In their impact on their own societies, and on the future direction of U.S.-Indian partnership, Trump and Modi are raising some disquieting questions. After a resounding reelection last spring, Modi has struggled with India’s most severe economic slowdown in three decades. Lacking a compelling strategy for the economy, he has doubled down on the one set of issues for which the BJP has a very clear and unified vision: Hindu majoritarianism. With coercive force and scant regard for constitutional limits, Modi’s government has put its Hindu chauvinism on full display.

Soon after his reelection, Modi revoked the constitutionally protected autonomy of Jammu and Kashmir, India’s only Muslim-majority state, and its top political leadership remains under house arrest more than six months later. His government has pushed a new citizenship law that discriminates against Muslims seeking refuge in India, and has fed tensions over disputed religious sites. Pressures against critical journalists and academics have increased. The BJP has run into political difficulties in state and local elections, but its national opposition, the Congress Party, is a shell of its former self, and the courts and civil society are on the defensive. The political turmoil has only added to India’s economic difficulties—and put a strain on the country’s relationship with the U.S.

A battle for the idea of India is under way, between the tolerant constitutional convictions of its founders and the harsher Hindu majoritarianism that has lurked beneath the surface. This tension predates Modi and will outlive his leadership, testing India’s democratic guardrails in much the same way that the Trump era is testing America’s. Neither struggle will be settled by outsiders—but both will shape the nature of Indian-American partnership in the years ahead.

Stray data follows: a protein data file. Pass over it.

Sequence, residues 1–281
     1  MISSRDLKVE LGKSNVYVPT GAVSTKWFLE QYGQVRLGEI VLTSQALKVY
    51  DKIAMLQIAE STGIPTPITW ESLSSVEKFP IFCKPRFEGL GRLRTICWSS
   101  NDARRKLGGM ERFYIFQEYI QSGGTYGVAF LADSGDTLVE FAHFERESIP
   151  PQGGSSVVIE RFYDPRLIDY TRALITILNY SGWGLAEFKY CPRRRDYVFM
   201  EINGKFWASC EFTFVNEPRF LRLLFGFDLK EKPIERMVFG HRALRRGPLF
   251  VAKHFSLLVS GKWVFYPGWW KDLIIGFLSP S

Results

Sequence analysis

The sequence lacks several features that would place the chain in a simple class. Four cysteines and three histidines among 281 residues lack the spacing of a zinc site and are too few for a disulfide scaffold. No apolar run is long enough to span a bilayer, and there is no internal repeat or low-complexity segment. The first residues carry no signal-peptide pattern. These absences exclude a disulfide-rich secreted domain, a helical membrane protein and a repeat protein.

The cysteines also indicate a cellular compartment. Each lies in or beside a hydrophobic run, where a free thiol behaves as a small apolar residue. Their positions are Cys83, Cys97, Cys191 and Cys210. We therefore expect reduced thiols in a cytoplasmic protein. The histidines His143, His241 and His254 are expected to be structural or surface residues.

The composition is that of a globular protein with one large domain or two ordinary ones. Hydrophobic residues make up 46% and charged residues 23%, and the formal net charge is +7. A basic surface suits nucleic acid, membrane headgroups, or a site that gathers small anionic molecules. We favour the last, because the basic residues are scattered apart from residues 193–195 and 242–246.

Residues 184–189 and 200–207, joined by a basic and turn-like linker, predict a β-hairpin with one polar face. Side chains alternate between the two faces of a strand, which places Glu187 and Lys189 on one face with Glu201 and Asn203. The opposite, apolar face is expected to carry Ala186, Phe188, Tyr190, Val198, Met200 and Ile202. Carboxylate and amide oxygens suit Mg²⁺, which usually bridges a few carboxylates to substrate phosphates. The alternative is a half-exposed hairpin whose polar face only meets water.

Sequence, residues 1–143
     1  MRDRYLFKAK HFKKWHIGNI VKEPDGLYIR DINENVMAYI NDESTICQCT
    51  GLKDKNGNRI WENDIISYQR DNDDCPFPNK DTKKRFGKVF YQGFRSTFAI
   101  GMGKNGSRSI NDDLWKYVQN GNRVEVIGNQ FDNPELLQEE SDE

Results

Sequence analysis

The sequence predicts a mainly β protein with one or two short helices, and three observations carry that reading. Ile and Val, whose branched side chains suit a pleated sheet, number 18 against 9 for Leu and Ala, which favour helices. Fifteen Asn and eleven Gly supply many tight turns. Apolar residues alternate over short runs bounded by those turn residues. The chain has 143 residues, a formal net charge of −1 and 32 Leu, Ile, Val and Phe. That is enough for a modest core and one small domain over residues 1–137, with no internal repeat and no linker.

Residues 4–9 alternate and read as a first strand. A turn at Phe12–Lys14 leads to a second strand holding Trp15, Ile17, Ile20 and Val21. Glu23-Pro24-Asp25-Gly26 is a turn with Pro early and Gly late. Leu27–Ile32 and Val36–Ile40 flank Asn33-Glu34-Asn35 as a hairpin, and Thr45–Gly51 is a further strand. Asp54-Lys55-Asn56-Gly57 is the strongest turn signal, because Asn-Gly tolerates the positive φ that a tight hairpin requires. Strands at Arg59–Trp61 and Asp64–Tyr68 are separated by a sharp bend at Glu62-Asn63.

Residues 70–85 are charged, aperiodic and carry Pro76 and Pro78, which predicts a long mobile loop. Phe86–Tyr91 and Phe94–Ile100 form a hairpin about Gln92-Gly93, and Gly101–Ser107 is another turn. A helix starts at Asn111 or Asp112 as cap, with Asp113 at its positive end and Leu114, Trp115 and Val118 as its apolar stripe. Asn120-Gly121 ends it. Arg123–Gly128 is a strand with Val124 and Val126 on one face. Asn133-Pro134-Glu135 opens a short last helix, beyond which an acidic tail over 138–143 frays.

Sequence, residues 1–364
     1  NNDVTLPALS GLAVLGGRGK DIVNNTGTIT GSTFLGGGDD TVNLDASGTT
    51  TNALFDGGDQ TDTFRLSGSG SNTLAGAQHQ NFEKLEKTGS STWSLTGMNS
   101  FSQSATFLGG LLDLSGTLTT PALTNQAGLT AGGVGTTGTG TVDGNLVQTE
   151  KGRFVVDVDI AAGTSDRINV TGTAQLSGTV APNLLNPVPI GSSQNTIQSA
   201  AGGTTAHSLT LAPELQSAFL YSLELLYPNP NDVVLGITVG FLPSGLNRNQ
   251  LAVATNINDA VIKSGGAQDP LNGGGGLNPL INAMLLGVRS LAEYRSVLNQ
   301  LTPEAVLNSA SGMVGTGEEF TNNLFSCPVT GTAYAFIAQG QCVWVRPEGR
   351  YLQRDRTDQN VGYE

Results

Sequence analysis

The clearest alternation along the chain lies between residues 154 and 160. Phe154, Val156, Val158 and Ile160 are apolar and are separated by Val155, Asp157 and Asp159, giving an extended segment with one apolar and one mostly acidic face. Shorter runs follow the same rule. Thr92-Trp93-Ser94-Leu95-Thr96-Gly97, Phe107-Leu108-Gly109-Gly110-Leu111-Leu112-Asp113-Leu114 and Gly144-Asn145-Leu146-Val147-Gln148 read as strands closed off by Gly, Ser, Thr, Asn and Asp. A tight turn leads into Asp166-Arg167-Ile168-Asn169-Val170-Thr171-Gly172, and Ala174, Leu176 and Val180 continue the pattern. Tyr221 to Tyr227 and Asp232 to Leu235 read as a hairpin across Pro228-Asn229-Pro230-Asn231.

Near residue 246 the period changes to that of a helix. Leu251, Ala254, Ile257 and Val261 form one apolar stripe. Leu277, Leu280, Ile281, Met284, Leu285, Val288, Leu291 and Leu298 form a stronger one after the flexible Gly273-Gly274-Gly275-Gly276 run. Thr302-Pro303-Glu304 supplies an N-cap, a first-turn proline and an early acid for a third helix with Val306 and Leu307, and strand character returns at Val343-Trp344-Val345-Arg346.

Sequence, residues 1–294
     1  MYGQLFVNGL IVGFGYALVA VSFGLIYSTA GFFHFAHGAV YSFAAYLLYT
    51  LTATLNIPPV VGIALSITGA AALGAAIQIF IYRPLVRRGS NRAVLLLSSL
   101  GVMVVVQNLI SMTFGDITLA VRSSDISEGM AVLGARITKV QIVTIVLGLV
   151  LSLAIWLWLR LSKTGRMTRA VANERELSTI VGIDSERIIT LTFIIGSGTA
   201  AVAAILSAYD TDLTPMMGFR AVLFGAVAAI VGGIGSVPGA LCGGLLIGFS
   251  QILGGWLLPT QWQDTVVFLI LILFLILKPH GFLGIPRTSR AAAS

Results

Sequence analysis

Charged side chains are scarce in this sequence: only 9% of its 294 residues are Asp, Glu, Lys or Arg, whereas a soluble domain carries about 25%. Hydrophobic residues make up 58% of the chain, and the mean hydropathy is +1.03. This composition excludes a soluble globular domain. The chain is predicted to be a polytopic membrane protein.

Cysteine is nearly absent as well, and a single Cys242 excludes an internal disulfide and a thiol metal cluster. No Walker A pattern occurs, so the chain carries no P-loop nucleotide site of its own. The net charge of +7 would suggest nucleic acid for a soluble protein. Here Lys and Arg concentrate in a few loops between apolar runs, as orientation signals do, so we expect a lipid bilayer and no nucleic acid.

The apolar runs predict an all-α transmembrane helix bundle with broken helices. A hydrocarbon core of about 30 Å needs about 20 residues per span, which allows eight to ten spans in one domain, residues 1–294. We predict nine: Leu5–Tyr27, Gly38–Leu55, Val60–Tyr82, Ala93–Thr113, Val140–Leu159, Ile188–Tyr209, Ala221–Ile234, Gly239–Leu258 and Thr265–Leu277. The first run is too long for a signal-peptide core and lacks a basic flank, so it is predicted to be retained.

Both leaders will no doubt accentuate the positives during Trump’s visit. Increasing defense and intelligence cooperation is an asset for both countries. Some nominal progress on persistent problems in trade and market access is likely, but without the structural transformations that neither side has the will or attention span to accomplish right now. Both Trump and Modi will laud each other’s leadership, and the health of the partnership under their watch.

The deeper issue, however, is what kind of relationship we are building.

As intolerance and division in both societies erode their democracies, I fear that the leaders may reinforce each other’s worst instincts. Trump’s fixation on the capillaries of trade balances may only enable Modi to avoid arterial reforms, and the president’s erratic unilateralism will only feed Indian wariness about his judgment on the most consequential regional dilemmas, such as Afghanistan and China’s growing assertiveness.

I continue to believe strongly in the wisdom of the strategic investment that America and India have made in each other’s success over the past two decades. However, amid the spectacle of the visit, it’s important to remind ourselves that the relationship is bigger than these two leaders. For India and the U.S. to maximize the return on their investments, we must take a long view, keeping in mind why this strategic bet was made in the first place: our common democratic values, a long-term vision of economic openness, and a growing confidence in each other’s reliability.

Right now, both Washington and New Delhi, in their own ways, are part of the problem in a world where democracies are busy undoing themselves, economic nationalism is unbridled, and geopolitical competition is unbounded by rules or predictability. The sooner both countries recommit themselves, and their partnership, to being part of the solution, the better.